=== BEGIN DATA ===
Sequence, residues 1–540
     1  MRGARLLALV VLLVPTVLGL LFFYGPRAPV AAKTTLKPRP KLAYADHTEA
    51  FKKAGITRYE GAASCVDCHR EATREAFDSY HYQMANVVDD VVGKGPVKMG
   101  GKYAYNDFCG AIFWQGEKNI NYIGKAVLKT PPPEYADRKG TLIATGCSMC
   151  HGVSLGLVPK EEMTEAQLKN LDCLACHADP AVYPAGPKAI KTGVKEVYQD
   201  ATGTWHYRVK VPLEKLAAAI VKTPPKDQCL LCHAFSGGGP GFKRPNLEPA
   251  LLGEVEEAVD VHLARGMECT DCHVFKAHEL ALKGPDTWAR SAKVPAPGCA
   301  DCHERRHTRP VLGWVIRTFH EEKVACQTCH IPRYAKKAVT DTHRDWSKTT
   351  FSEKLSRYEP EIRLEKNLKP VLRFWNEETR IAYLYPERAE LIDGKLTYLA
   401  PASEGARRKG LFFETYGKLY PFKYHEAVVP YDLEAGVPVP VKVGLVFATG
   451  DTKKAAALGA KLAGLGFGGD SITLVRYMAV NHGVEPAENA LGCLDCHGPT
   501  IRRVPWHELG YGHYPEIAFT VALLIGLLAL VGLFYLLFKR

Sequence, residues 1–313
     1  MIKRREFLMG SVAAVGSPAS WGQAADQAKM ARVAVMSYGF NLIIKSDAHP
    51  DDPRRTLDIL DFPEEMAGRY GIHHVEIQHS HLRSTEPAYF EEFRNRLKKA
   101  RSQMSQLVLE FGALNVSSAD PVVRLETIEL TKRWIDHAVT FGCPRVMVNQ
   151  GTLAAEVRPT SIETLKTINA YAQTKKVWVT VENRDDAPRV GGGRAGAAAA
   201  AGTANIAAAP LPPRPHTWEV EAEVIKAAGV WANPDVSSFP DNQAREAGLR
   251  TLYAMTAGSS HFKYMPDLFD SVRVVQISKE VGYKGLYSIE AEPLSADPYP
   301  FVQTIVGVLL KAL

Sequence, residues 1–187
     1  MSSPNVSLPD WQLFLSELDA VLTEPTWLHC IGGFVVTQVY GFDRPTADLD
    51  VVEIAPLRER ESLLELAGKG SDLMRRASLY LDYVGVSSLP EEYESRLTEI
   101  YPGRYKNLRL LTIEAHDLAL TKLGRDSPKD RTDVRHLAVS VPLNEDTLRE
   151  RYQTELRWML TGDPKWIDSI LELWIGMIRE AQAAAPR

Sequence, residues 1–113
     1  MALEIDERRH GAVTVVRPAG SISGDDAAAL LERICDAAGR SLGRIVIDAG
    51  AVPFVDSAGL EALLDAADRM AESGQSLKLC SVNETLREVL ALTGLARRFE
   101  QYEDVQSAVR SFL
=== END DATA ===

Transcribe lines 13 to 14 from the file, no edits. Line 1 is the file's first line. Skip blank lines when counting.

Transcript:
Sequence, residues 1–313
     1  MIKRREFLMG SVAAVGSPAS WGQAADQAKM ARVAVMSYGF NLIIKSDAHP